A global pandemic has gripped the world and turned the world as we know it upside down. When staring in the terrifying face of COVID-19, no one is safe, and everyone’s reality has been affected. It’s not just millions facing a huge health crisis rather this pandemic has caused the global economy to take a nosedive. If we focus on the impact of COVID-19 on Pakistan, the reality is that the strides taken by Pakistan in reduction of poverty and towards some social indicators has been severely affected.
Effect of the Covid-19 pandemic on local businesses:
Pakistan is a developing country and has faced the brunt of the impact of a global pandemic. With the second lockdown being imposed on the country, businesses have been left to suffer. Because of the Covid-19 pandemic Pakistan has been expected to suffer a loss of up to Rs 2.5 trillion in current fiscal year. Furthermore, the Pakistani government released figures which predicted the loss of about 3 million jobs in face of this global pandemic (Shafi et al., 2020).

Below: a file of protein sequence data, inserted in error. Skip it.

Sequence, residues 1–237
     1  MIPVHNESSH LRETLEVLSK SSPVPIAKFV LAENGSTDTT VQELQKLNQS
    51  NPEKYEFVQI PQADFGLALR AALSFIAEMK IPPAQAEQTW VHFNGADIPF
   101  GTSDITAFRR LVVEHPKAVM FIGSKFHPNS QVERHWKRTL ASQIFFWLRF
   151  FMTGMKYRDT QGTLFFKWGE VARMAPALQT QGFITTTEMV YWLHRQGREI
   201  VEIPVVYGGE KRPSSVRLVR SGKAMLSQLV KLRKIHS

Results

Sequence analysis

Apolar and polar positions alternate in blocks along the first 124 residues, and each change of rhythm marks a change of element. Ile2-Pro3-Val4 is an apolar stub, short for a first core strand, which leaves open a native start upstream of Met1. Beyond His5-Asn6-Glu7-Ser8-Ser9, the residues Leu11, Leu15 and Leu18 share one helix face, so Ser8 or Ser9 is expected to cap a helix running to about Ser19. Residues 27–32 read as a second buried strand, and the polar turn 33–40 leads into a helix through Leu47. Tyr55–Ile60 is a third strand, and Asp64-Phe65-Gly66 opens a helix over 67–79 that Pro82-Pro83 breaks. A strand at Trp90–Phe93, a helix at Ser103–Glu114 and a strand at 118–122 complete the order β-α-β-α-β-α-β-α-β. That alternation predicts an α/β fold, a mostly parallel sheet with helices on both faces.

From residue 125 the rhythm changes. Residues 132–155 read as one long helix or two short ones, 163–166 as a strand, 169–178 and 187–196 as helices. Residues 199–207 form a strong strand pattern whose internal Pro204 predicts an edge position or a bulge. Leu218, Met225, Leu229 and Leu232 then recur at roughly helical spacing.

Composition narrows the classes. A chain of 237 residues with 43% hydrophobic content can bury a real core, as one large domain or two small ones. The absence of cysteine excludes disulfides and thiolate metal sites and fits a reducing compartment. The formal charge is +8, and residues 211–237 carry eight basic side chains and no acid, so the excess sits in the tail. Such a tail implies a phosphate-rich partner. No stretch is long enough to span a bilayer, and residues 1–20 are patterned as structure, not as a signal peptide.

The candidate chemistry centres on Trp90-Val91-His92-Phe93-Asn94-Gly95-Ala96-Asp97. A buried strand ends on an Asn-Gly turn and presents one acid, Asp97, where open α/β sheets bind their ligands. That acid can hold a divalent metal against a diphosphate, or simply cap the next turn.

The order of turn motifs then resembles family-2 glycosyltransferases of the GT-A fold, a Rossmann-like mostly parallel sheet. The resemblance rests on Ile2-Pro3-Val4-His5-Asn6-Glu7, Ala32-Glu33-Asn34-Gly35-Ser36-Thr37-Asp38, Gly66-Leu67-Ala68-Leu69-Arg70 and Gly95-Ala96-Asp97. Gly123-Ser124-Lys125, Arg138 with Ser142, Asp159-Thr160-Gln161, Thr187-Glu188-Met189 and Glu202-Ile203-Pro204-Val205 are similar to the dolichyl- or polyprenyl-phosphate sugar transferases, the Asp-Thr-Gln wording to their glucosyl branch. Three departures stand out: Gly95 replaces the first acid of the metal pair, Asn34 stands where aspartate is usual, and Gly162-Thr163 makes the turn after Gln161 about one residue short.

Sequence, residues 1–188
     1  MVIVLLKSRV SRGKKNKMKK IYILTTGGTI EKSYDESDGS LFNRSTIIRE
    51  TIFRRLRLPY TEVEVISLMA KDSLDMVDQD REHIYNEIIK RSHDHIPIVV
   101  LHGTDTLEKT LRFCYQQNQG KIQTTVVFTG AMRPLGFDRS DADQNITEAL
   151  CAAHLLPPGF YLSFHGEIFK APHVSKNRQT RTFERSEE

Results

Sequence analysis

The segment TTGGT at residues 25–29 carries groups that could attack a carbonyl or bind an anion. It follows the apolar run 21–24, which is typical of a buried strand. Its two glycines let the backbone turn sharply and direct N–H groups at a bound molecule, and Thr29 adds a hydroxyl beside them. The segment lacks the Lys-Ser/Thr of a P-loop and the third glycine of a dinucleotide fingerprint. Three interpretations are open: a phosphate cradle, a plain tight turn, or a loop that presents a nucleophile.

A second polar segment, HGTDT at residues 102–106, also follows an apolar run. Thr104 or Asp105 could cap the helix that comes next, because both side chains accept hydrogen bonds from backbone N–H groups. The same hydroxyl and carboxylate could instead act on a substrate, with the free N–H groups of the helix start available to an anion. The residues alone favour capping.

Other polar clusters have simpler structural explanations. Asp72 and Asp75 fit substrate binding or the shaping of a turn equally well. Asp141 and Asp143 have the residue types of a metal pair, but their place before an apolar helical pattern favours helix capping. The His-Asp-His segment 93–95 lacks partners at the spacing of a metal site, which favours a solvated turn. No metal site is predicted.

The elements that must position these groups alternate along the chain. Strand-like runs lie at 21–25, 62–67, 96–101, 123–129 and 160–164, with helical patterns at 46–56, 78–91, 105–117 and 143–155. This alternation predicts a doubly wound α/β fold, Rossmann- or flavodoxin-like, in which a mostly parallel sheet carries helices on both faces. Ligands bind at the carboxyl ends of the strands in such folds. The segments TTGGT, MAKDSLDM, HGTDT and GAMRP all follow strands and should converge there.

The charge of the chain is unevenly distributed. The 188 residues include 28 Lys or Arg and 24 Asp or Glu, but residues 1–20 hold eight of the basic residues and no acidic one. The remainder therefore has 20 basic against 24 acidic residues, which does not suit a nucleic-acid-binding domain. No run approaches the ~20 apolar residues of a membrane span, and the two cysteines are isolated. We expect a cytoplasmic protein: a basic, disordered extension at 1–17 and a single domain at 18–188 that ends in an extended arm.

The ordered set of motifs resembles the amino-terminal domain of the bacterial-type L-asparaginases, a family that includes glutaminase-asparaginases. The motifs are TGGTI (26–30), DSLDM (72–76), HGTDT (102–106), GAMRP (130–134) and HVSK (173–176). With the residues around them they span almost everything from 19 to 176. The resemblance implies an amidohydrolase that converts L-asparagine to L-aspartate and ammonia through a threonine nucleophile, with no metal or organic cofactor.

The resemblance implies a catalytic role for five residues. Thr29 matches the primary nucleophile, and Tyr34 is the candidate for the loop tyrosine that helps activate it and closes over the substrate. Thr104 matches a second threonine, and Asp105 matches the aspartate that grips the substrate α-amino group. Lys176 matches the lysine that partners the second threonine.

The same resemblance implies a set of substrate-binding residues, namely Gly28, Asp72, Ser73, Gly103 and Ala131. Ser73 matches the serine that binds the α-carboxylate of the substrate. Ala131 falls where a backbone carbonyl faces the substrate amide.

The pandemic has caused various businesses to close down and affected the jobs of thousands in Pakistan. However a welcome shift has been made in various businesses. The pandemic has forced my businesses to make the shift online enabling an easier convenience for customers. With social distancing and a lack of customers at physical stores, business has picked up online due to the innovative thinking of businessmen. Local businesses have grown quite popular as well since the native population is relying on convenience and not traveling too far to get day-to-day essentials allowing local businesses to boom.